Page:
On Sunday, at least 26 people were murdered in a small Texas town when a lone gunman opened fire in a local church. Though it's unclear why the 26-year-old suspect targeted the church outside his hometown, he shares one commonality with other recent mass shooters: The Texas suspect had been accused of domestic violence.
As details about the suspect's past continue to emerge, The New York Times has reported that the Texas native previously served on a New Mexico Air Force base, but had been discharged in 2014 after being court-martialed in 2012 based on charges that he allegedly assaulted his wife and child. His mother-in-law also attended the church in question.
Ruth Glenn, executive director of the National Coalition Against Domestic Violence (NCADV), tells Bustle that it's imperative that we examine the link between domestic violence and gun violence: "These mass murders have demonstrated that," she says.
Although President Trump said at a press conference Sunday the Texas tragedy was a "mental health problem," not a "guns situation," the suspect's background highlights two aspects of gun violence that need attention — there is a statistical link between domestic violence and mass shootings, and current gun control measures don't prevent those accused (sometimes even convicted) from buying a firearm. Because anyone dishonorably discharged from the military is prohibited from owning a gun, Sunday's suspect shouldn't have legally been allowed to purchase the semi-automatic rifle he used to take dozens of lives.
According to Everytown for Gun Safety's analysis of FBI data on mass shootings from 2009 to 2016, 54 percent were related to domestic or family violence. In these cases, the suspect shot at least one relative or current or former partner.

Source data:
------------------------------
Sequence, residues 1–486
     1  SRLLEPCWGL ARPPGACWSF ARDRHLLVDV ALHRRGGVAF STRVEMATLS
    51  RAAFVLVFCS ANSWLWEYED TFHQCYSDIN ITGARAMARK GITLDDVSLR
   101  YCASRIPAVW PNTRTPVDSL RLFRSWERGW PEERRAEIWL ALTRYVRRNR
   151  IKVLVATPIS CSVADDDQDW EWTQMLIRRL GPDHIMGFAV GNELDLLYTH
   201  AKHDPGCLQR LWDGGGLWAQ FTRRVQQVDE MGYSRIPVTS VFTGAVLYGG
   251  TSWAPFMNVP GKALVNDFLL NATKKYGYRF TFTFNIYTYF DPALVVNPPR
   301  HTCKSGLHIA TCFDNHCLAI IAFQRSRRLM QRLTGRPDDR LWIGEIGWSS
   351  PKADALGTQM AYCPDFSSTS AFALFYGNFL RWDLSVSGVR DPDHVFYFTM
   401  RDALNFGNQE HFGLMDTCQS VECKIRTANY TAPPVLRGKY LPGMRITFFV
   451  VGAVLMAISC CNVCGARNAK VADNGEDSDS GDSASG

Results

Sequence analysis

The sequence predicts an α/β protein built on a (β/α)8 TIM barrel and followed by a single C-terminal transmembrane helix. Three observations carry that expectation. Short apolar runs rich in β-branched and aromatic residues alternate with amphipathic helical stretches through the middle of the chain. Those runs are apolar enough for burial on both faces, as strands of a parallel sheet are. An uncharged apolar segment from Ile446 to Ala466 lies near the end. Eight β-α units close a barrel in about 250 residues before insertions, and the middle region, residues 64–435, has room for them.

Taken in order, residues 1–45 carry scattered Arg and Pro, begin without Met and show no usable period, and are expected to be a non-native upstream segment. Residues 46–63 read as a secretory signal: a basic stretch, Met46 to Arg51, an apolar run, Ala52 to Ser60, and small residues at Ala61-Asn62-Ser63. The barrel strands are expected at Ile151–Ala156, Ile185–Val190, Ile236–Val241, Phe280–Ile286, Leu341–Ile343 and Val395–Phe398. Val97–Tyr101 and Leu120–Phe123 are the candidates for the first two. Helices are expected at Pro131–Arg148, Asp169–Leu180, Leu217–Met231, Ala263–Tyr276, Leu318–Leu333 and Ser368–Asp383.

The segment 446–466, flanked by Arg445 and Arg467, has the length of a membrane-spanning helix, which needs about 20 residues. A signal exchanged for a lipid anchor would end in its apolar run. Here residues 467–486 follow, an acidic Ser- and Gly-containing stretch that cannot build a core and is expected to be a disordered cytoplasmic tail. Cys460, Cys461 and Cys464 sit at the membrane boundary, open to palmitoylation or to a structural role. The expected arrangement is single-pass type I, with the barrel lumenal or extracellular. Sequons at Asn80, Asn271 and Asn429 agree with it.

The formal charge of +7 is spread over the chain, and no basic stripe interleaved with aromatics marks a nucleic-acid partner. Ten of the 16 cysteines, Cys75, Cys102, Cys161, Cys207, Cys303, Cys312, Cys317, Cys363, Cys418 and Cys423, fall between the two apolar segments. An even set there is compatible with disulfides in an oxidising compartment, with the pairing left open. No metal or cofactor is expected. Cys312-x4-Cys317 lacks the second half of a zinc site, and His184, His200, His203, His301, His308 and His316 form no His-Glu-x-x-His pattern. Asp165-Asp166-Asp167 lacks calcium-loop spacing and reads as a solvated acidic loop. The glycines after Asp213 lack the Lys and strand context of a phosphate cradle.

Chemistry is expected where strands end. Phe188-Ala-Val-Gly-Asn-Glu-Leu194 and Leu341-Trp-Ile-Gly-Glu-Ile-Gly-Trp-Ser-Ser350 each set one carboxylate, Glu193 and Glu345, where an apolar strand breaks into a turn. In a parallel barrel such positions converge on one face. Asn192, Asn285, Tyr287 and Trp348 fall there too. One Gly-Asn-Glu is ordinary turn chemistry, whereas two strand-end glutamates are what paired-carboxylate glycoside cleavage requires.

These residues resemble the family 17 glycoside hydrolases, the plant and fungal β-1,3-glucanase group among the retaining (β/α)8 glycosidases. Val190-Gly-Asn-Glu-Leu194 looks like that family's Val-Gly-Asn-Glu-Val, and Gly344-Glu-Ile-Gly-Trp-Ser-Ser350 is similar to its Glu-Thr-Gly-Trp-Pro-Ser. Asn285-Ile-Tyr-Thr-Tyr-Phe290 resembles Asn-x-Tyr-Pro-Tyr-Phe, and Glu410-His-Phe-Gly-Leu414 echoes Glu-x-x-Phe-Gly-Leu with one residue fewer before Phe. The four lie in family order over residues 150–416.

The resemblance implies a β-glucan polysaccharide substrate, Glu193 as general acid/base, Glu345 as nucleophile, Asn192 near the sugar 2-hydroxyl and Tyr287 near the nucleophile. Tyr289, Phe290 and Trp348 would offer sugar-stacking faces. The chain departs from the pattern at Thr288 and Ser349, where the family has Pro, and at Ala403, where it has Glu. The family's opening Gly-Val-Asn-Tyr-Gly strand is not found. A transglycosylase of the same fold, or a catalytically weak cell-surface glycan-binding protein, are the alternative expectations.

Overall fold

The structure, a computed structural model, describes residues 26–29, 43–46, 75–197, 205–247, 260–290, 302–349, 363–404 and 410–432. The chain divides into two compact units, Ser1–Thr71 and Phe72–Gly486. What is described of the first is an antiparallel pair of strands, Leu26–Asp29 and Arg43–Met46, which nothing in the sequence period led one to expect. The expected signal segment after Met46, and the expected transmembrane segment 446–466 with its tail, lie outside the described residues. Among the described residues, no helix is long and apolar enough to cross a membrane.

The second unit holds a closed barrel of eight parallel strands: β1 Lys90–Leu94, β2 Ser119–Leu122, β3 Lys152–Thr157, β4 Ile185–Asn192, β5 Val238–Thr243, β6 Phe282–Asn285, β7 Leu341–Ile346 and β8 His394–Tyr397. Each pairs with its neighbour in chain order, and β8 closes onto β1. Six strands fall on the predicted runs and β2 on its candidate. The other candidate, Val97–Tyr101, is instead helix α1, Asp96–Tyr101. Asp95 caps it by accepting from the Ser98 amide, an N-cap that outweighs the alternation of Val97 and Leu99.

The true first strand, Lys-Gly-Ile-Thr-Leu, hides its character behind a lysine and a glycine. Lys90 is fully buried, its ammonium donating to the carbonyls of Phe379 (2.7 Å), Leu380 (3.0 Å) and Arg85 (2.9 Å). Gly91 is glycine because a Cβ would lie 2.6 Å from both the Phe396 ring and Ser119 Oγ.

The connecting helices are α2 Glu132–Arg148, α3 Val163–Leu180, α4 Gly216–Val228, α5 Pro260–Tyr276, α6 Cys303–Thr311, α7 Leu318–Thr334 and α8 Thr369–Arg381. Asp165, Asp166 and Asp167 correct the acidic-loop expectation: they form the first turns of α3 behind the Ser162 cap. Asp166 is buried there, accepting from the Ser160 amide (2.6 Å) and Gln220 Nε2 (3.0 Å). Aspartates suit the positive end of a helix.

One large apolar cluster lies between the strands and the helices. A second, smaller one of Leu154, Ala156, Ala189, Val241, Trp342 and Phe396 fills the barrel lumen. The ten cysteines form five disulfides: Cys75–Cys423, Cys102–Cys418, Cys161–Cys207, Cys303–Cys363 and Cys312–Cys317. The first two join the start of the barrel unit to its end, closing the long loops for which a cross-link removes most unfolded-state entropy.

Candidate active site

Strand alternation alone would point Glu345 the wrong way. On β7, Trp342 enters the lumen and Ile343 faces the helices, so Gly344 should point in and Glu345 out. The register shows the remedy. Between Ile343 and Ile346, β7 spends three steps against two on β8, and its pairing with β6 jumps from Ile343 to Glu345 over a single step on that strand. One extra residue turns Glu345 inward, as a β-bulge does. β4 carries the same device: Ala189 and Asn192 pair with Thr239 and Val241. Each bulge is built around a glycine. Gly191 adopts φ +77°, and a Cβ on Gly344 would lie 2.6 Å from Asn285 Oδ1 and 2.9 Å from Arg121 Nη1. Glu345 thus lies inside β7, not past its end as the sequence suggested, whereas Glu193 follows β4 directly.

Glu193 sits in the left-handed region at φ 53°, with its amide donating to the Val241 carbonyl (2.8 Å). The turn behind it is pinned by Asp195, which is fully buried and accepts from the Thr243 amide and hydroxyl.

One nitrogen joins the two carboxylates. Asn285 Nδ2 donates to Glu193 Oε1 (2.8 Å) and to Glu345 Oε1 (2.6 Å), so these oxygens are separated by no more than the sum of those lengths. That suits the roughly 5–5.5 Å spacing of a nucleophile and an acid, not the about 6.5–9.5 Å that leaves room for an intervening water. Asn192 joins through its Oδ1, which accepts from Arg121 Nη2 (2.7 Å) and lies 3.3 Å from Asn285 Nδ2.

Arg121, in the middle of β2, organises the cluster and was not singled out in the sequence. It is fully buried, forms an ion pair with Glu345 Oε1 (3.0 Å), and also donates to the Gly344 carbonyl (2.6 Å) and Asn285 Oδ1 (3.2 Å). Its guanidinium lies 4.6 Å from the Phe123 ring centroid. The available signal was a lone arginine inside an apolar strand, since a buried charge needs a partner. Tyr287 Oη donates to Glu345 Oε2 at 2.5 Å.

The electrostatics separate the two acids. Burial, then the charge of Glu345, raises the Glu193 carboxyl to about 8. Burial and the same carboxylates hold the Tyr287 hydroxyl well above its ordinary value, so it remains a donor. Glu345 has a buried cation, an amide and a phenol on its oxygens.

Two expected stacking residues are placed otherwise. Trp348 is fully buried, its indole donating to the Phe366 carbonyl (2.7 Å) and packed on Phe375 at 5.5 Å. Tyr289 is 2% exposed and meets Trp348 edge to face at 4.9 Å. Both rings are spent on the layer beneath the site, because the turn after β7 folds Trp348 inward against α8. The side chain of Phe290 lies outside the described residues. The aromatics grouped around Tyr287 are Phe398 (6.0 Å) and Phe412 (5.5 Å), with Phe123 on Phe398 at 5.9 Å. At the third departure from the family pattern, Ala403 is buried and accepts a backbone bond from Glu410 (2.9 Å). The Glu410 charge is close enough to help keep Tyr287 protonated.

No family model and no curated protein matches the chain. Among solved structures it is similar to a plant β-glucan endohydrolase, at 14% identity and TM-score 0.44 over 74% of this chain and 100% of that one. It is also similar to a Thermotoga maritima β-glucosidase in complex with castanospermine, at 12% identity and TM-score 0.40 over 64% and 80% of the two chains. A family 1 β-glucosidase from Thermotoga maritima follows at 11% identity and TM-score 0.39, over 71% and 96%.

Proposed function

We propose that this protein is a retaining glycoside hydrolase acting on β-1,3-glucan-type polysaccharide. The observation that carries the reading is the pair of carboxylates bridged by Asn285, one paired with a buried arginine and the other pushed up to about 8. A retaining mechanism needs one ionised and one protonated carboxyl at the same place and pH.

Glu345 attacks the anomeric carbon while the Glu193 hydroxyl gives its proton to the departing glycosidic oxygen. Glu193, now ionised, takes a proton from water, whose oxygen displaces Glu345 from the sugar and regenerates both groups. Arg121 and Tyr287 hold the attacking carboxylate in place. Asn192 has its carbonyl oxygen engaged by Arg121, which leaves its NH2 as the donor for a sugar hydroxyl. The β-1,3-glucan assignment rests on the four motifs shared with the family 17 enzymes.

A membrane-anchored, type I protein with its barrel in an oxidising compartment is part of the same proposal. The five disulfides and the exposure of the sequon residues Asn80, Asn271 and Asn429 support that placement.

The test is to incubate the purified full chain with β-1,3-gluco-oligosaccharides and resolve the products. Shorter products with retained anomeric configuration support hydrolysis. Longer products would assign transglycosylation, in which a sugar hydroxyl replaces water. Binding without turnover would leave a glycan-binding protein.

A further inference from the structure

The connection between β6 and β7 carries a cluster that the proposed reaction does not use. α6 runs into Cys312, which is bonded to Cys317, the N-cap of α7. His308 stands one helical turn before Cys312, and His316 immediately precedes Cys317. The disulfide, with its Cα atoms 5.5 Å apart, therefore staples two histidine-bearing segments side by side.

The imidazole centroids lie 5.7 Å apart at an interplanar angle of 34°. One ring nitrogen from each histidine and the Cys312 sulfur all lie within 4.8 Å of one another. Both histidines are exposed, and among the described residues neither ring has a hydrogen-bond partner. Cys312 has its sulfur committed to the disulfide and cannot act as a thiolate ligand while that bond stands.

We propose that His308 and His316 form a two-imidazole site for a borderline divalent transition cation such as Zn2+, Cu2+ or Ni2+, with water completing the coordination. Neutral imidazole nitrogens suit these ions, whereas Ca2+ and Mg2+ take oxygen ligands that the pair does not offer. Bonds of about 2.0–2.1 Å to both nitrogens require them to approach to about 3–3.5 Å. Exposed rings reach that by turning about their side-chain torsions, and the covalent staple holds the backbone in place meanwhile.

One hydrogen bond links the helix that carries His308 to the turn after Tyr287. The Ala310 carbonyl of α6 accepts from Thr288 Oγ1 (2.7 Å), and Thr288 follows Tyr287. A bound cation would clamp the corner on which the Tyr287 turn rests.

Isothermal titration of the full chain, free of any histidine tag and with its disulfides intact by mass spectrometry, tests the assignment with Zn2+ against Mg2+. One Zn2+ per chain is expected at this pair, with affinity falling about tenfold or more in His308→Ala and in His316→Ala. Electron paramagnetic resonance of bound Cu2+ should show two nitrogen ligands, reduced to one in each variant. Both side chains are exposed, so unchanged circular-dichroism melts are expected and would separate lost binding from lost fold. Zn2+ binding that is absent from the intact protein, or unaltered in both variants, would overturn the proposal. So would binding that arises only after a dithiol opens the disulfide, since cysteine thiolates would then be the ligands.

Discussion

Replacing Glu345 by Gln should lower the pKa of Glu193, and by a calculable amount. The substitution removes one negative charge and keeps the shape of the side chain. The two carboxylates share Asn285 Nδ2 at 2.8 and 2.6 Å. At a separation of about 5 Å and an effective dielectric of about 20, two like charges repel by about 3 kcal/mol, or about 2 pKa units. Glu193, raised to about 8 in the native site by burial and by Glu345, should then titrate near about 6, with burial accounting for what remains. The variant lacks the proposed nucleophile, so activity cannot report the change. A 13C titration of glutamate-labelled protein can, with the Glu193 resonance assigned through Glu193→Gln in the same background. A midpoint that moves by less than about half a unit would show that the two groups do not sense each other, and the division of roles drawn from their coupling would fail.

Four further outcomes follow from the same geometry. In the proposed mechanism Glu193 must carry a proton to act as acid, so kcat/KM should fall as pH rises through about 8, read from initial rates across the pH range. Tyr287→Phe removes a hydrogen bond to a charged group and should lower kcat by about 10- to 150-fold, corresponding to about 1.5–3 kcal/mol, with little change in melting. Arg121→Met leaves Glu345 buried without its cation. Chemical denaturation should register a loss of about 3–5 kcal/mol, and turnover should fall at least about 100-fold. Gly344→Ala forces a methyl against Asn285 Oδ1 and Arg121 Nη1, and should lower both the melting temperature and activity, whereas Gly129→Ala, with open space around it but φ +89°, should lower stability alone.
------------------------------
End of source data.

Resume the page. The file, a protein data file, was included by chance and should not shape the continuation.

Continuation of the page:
However, this statistic doesn't account for mass shooters with a history of alleged domestic violence who opened fire on strangers. For example, the 66-year-old suspect who shot House Majority Whip Steve Scalise and four others in June was previously arrested for hitting a woman and aiming a shotgun at her boyfriend, The Daily Beast reported. A police report also claimed he had been "observed throwing" his foster daughter around the room during the same incident. All charges were later dropped.
The Pulse nightclub shooter who took 49 lives last year reportedly beat his ex-wife. They divorced four months after the wedding, but he was ultimately never convicted for domestic violence. Similarly, the man who shot nine people at a Colorado Planned Parenthood was accused of abuse by two ex-wives. In 1992, he was arrested on charges of sexual violence and rape, The Washington Post reported, but he was not convicted.
None of these attacks directly stemmed from domestic violence, but each shooter had an alleged history of violence toward women.
Criminology experts point out that a correlation is not proof of causation — after all, the majority of domestic abusers don't carry out mass shootings. Dr. Steve Dubovsky, a psychiatry professor at University at Buffalo and an expert on trauma, tells Bustle that although most mass murderers don't have a history of domestic violence, people who commit violent crimes often have a violent past.
"Someone who's violent in one area is more likely to be violent in another area," Dr. Dubovsky says.